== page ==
Delivery of theophylline into excised human skin from alkanoic acid solutions: A “push‐pull” mechanism

Ron Kadir, Dov Stempler, Zvi Liron, Sasson Cohen*

*Corresponding author for this work

Research output: Contribution to journalArticlepeer-review

Abstract

Human skin samples are permeable to theophylline delivered from 1.5% solutions in various alkanecarboxylic acids and their mixtures. The respective permeability coefficients of theophylline, calculated from steady‐state flux, correlate negatively with the permeability coefficients of the donor carboxylic acids and positively with the excess free energy of theophylline in the donor phase, or “push” effect. An exception is propionic acid which enhances the penetration of theophylline by promoting its solubility in the skin‐propionic acid medium through the “pull” effect. The two effects operate jointly in the delivery of theophylline from a mixture of propionic and a higher acid such as lauric, resulting in a much higher flux than expected from theory. The “push” effect can be estimated from the solubility parameters of theophylline and those of the holding phases even though regular solution behavior is not strictly obeyed. The increase in the permeability coefficient with partial molal volume of theophylline in the donor phase seems to reach an upper limit or decrease beyond 119 cm3·mol−1.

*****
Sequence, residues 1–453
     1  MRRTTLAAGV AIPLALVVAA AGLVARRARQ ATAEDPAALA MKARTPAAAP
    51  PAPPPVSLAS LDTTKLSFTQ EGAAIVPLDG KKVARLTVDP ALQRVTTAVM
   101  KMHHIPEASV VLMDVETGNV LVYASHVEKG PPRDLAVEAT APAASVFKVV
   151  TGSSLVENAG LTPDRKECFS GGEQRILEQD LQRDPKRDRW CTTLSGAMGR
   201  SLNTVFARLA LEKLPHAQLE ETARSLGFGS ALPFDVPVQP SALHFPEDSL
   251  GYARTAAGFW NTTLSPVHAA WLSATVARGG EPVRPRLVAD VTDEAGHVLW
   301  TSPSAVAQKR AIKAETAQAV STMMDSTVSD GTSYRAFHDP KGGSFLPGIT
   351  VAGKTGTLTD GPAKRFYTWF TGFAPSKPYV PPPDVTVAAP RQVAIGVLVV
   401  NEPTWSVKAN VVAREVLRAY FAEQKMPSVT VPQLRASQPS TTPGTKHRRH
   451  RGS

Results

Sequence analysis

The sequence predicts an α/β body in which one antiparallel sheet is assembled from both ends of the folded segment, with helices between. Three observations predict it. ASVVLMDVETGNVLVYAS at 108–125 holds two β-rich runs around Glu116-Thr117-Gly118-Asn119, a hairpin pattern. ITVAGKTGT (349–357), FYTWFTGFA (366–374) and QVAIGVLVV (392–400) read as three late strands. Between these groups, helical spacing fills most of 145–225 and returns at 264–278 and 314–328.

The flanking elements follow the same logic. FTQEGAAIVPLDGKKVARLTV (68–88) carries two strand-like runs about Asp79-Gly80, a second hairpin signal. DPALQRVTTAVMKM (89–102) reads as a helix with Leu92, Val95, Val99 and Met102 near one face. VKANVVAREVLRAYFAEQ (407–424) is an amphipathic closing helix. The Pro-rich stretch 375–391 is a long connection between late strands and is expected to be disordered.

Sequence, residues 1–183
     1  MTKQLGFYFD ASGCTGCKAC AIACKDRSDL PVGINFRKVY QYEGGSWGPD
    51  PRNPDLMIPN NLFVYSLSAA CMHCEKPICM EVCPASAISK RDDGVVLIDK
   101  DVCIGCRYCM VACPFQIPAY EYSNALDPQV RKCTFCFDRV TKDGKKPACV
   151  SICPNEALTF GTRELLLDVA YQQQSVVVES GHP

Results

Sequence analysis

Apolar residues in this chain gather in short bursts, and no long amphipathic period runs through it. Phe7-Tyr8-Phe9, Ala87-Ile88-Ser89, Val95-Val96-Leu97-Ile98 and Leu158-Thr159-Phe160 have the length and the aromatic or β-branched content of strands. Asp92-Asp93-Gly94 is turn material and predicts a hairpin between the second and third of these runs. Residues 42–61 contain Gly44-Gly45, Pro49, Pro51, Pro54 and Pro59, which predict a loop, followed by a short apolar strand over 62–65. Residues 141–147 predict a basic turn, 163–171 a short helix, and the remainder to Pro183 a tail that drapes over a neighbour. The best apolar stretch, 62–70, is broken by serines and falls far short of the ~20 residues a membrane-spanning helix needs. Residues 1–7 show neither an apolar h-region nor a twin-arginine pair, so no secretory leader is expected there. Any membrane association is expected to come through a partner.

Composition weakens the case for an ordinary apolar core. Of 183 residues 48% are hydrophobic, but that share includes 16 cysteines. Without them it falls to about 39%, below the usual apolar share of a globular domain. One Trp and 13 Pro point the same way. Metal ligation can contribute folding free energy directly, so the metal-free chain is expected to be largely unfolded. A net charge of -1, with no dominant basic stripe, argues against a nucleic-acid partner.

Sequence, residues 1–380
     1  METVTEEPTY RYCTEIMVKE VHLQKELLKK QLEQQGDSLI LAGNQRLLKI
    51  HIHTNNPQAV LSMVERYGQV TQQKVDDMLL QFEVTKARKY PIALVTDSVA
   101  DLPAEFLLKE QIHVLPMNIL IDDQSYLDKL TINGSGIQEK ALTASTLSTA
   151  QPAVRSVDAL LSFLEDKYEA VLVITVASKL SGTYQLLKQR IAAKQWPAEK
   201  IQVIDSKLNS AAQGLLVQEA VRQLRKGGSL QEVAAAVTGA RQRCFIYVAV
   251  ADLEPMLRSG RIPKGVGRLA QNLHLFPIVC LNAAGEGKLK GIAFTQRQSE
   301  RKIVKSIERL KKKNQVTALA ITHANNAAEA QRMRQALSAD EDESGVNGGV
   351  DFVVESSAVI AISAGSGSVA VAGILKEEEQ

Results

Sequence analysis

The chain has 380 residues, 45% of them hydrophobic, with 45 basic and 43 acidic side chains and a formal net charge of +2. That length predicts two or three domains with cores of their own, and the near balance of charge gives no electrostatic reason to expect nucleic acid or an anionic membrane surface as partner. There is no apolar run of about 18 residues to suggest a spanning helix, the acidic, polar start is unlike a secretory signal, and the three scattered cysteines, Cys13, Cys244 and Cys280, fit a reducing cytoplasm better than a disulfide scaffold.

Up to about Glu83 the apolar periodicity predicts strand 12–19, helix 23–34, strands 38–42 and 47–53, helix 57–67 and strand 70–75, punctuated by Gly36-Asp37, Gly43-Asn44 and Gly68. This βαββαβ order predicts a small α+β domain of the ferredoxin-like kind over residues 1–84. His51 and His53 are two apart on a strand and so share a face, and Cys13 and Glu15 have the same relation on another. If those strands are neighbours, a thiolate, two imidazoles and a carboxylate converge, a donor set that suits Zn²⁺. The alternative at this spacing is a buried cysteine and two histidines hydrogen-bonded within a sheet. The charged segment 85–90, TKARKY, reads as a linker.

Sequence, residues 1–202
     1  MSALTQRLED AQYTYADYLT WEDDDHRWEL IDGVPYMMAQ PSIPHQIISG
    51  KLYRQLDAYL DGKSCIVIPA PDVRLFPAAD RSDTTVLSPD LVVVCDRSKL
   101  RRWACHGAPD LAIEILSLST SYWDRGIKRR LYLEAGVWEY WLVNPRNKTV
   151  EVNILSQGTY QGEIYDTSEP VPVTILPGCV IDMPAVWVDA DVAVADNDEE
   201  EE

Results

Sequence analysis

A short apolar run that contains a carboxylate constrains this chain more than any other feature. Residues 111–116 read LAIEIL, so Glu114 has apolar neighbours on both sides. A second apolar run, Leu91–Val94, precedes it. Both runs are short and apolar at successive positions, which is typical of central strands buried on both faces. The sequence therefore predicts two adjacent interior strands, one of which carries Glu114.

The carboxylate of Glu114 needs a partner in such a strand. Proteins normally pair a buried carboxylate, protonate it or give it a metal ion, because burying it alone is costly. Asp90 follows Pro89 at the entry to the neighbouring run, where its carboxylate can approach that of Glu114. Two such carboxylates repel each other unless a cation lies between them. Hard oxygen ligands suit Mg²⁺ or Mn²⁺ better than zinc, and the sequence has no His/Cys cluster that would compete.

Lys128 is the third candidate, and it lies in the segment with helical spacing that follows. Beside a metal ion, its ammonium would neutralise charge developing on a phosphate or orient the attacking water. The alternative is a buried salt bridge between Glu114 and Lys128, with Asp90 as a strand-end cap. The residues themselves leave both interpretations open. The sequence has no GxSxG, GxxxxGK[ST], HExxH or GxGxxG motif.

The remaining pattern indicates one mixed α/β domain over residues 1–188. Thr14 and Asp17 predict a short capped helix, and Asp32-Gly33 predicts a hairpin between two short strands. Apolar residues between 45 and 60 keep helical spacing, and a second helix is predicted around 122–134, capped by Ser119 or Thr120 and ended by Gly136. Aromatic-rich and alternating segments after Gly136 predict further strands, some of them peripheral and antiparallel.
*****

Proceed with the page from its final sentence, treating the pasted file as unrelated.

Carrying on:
Original languageEnglish
Pages (from-to)774-779
Number of pages6
JournalJournal of Pharmaceutical Sciences
Volume76
Issue number10
DOIs
StatePublished - Oct 1987

Funding

FundersFunder number
Cyternik funifor dermatological research

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